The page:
The DNT15 showed similar internal consistency and validity in both sub-samples as the full DNT. The KR-20 of the DNT15 was 0.90 in the development sample (sample 1) and 0.89 in confirmation sample (sample 2). Correlations with the a priori model were similar to the full DNT in both population sub-samples (see Table 4). The DNT15 was highly correlated with the full DNT (see Table 4). In a separate study, the approximate time of administration is 10–15 minutes.
Psychometric analysis of the 43 item version of the DNT shows that it has good reliability and validity in testing numeracy skills in patients with diabetes. Of the six a priori construct hypotheses, five demonstrated significant correlations in the expected directions. The DNT was correlated with diabetes knowledge, education, socioeconomic status, literacy and general numeracy. Insulin use was not correlated with the DNT scores as initially predicted. This is likely due to the fact that many patients on insulin may be placed on long-acting insulin in which one or two doses may be administered with no adjustment for blood glucose or carbohydrate intake. When complexity of the insulin regimen was taken into account, more complex regimens including adjustment for carbohydrate intake and blood glucose level were significantly associated with the DNT.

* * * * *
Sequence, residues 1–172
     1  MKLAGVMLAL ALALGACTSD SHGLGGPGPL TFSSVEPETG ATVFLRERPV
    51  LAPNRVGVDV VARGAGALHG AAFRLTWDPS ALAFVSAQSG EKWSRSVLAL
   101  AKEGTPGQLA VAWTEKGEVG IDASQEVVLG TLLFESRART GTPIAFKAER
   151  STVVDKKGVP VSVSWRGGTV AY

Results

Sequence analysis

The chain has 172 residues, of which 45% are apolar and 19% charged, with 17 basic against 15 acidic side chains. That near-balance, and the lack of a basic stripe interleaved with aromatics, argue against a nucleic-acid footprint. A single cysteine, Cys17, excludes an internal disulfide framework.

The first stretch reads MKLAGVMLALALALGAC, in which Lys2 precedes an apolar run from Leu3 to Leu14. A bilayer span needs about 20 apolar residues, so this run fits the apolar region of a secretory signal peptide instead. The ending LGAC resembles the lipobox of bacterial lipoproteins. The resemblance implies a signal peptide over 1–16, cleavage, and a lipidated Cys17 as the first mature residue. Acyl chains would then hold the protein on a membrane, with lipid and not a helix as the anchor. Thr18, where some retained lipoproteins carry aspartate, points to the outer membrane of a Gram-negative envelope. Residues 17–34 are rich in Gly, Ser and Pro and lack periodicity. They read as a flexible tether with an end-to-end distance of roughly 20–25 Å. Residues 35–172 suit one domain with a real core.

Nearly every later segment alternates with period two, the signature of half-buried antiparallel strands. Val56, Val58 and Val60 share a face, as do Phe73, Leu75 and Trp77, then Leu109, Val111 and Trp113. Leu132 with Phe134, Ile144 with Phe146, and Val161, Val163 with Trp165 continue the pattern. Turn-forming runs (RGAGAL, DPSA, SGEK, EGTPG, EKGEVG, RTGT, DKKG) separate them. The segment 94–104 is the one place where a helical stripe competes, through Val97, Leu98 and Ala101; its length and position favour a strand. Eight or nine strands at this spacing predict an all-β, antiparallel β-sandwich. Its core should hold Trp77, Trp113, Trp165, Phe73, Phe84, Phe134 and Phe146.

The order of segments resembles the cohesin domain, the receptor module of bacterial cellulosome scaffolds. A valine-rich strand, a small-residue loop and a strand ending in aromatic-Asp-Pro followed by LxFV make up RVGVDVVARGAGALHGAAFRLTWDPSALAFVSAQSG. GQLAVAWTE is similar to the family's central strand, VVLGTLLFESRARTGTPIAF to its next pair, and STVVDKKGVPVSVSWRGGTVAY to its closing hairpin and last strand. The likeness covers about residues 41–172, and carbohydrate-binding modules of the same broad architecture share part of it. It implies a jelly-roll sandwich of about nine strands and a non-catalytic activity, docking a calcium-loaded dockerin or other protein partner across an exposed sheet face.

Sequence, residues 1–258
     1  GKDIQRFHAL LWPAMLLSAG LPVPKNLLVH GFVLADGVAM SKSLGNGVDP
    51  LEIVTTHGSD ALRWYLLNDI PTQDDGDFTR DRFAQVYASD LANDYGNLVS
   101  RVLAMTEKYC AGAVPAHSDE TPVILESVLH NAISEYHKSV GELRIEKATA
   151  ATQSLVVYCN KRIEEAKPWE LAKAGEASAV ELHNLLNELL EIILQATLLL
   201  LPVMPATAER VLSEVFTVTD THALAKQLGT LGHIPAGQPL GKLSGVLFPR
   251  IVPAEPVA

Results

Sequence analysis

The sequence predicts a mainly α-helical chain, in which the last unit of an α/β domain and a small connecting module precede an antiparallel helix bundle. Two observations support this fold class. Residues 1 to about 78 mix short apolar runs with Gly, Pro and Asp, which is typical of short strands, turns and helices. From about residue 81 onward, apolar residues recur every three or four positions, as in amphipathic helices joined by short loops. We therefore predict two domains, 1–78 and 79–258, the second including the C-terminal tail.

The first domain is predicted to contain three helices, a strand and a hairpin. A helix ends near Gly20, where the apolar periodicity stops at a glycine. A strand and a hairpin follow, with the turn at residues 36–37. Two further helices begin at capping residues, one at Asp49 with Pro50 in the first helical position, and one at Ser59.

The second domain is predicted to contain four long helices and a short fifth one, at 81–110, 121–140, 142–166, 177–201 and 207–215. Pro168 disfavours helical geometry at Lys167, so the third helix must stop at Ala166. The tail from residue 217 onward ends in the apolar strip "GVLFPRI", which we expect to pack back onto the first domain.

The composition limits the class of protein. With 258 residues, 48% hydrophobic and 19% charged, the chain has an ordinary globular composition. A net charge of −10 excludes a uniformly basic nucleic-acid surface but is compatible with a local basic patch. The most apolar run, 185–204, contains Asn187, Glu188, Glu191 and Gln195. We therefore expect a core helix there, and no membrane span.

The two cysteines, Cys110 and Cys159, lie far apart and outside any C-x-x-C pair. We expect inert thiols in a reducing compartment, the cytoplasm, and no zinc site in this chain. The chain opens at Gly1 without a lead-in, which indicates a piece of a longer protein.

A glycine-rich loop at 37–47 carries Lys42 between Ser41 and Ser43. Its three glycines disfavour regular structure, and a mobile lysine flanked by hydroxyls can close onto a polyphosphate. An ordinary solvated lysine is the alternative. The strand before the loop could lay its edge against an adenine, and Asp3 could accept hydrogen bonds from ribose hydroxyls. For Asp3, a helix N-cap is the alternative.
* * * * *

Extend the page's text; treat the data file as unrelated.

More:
The shortened version, the DNT15, also showed good reliability and construct validity. The DNT15 was designed to retain the items that discriminated diabetes related numeracy skills while also keeping the items that would be most useful to a diabetes educator or clinician. The five diabetes self-care areas are retained in the DNT15, including three items on nutrition, one item about exercise, three items regarding blood glucose monitoring, one item on oral medications and seven items about insulin administration. A diabetes educator or clinician may use the DNT15 to help target education or guide therapy.
Patients with low literacy also showed low numeracy skills on both the WRAT and the DNT. However, there were several patients with literacy skills above the ninth grade level who had low numeracy skills. Although our population was, on average, highly educated, the mean score on the DNT was only 61% correct. This suggests that numeracy should be evaluated separately from literacy. Patients with low literacy need special instructions and interventions, and patients with inadequate numeracy skills may also require modified counseling and education to improve health outcomes.
This study has several limitations. The DNT was initially developed without input from patients to determine what numeracy skills patients viewed as important. We used a convenience sample of patients recruited from academic and VA clinics, and it is possible that patients who did not participate in the study may have had different literacy and numeracy skills than those that participated. The DNT has been tested in English speaking participants only. The DNT was, in part, validated against a commonly used literacy assessment tool (the REALM), but most patients in the study scored at the highest level that the REALM assesses. A more refined assessment of reading ability at the higher levels may have been more useful.